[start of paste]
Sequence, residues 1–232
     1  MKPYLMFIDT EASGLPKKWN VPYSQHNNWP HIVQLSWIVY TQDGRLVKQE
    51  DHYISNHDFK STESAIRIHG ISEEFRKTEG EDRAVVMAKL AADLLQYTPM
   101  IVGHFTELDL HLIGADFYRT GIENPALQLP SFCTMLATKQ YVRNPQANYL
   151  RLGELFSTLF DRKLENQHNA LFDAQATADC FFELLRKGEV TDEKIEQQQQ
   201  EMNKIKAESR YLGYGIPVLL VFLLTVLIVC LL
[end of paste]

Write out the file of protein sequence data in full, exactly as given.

Sequence, residues 1–232
     1  MKPYLMFIDT EASGLPKKWN VPYSQHNNWP HIVQLSWIVY TQDGRLVKQE
    51  DHYISNHDFK STESAIRIHG ISEEFRKTEG EDRAVVMAKL AADLLQYTPM
   101  IVGHFTELDL HLIGADFYRT GIENPALQLP SFCTMLATKQ YVRNPQANYL
   151  RLGELFSTLF DRKLENQHNA LFDAQATADC FFELLRKGEV TDEKIEQQQQ
   201  EMNKIKAESR YLGYGIPVLL VFLLTVLIVC LL